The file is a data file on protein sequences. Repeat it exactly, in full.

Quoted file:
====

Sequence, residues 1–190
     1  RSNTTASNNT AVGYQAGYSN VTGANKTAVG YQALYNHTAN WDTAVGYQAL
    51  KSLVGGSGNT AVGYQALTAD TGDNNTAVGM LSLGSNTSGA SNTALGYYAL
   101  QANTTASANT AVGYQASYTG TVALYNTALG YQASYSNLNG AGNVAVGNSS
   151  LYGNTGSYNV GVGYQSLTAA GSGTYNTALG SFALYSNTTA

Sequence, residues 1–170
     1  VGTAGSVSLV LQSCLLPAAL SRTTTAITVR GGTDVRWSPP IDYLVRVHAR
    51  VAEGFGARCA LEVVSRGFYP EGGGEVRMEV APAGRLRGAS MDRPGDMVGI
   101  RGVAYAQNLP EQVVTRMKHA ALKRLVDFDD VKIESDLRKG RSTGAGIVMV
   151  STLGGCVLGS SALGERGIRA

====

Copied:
Sequence, residues 1–190
     1  RSNTTASNNT AVGYQAGYSN VTGANKTAVG YQALYNHTAN WDTAVGYQAL
    51  KSLVGGSGNT AVGYQALTAD TGDNNTAVGM LSLGSNTSGA SNTALGYYAL
   101  QANTTASANT AVGYQASYTG TVALYNTALG YQASYSNLNG AGNVAVGNSS
   151  LYGNTGSYNV GVGYQSLTAA GSGTYNTALG SFALYSNTTA

Sequence, residues 1–170
     1  VGTAGSVSLV LQSCLLPAAL SRTTTAITVR GGTDVRWSPP IDYLVRVHAR
    51  VAEGFGARCA LEVVSRGFYP EGGGEVRMEV APAGRLRGAS MDRPGDMVGI
   101  RGVAYAQNLP EQVVTRMKHA ALKRLVDFDD VKIESDLRKG RSTGAGIVMV
   151  STLGGCVLGS SALGERGIRA